Conventional Thinking: Why are we doing this?
On May 15 this year, the Baptist Messenger will reach a milestone that few publications do. We will celebrate our 100th anniversary. In anticipation of this important moment, we are launching a series focused on the Messenger’s storied past.
Called “10 decades in 10 weeks,” the series will contain a collection of information, headlines and sampling from each decade of its existence.
In 1912, the year the Messenger was born, a number of other notable events occurred. The Titanic struck an iceburg on April 14 and would tragically sink. Nabisco debuted its now famous Oreo cookie. Speaking of cookies makes me think of milk, which according to records cost 36 cents a gallon in 1912.
Meanwhile, the price for an annual subscription to the Baptist Messenger was $2. (One hundred years later, by the way, a subscription costs only $13.75 per year).
In the Aug. 9, 1962 edition of the Messenger (which commemorated the 50 year anniversary), it said:
“Fifty years ago, the Baptist Messenger began as a dream in the heart of a man. He was a Baptist preacher who had moved to the new state of Oklahoma from Washington, D.C. He saw that Oklahoma Baptists needed a publication which would unite them in spirit and effort. . . . C.P. Stealey saw the need for a Baptist paper which would promote the causes, stand for the truth and provide a spiritual blessing to the churches and people.”
From that vision, through the decades, to today, the Baptist Messenger has fulfilled that very role.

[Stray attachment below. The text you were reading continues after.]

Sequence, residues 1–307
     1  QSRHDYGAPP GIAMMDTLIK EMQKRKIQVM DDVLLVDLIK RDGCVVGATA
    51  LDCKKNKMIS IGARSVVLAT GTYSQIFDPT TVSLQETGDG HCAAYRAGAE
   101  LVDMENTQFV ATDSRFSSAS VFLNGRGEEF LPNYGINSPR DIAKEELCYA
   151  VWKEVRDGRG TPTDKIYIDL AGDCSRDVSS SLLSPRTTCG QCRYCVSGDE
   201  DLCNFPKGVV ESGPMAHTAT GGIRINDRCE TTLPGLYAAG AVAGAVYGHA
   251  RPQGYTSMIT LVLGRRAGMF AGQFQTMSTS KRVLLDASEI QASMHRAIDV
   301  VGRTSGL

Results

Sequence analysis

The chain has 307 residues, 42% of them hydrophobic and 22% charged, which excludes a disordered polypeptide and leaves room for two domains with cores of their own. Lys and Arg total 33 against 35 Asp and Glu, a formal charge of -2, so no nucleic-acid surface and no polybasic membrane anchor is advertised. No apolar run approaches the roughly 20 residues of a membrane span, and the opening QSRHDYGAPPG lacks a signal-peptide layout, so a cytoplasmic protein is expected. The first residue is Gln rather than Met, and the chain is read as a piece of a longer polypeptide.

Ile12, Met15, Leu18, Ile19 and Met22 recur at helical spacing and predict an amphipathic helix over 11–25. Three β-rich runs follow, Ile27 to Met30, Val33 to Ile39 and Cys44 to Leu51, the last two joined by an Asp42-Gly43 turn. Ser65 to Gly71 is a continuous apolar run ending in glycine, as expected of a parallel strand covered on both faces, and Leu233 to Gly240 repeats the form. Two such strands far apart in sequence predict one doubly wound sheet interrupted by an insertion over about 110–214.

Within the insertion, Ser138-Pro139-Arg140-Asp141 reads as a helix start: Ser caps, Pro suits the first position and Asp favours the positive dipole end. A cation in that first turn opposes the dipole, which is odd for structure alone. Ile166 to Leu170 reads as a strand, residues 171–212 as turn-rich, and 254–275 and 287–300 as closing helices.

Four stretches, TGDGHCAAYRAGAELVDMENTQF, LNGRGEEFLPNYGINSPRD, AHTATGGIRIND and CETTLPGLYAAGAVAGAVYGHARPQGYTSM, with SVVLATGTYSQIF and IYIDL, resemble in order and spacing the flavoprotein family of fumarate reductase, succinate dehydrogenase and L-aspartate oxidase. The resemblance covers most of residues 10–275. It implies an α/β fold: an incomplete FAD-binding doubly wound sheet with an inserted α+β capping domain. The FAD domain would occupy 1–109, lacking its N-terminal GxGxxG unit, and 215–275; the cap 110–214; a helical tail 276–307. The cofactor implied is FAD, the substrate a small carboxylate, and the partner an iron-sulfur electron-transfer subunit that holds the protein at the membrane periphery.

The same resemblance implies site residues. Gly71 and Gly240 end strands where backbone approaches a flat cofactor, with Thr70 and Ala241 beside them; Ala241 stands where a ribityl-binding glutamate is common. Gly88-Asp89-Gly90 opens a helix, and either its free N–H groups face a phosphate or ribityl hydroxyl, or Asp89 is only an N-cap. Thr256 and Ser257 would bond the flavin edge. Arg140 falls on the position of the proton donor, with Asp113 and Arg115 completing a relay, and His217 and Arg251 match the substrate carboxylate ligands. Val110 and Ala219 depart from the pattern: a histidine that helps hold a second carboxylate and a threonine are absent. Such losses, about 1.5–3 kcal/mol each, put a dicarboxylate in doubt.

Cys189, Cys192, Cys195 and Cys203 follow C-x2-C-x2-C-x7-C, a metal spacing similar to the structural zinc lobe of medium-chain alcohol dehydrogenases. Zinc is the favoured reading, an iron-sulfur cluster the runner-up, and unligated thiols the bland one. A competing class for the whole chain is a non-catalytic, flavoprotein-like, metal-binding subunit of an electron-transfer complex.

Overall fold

The inaugural edition on May 15, 1912, contained stories about the work of the Foreign (Now International) and Home (Now North American) Mission Boards, Christian education, teaching about Christian doctrine and theology and the Oklahoma Baptist Orphans’ Home.
It was not long after that the convention’s board determined that the Baptist Messenger should become its official news journal and purchased the newspaper from Stealey for $5,000 under the condition that he would continue to serve as editor. Since Stealey’s era, 10 others have served as editor of the newspaper.
Today, the Baptist Messenger is mailed to nearly 58,000 households every week, making it the third-largest newspaper in the state of Oklahoma. In November 2011, Messenger Digital was launched, a full online edition of the Baptist Messenger, along with the Messenger Mobile companion app.
In the time in between, many events and much ministry has occurred. There, all along, the Baptist Messenger has been there to report it.
At the conclusion of the “10 decades” series, we will look forward to the bright future of the Messenger, which is well-positioned for the fast-changing world of communications. We also intend to debut some new features that we hope you will like.
I sometimes get asked about how I see the future outlook of the Baptist Messenger. My reply is that the future looks bright. I say this not out of presumptuousness, but because I believe the future of Oklahoma Baptists looks bright.
After all, the Baptist Messenger is but a reflection of you, our readers. The Lord Jesus Himself said, “I assure you: A slave is not greater than his master, and a messenger is not greater than the one who sent him.” (John 13:16 HCSB)
Much in the way that Oklahoma Baptist University is “our university,” as Oklahoma Baptists, we want you always to view the Baptist Messenger as “our paper.” To that end, we hope you enjoy the “10 decades in 10 weeks” series.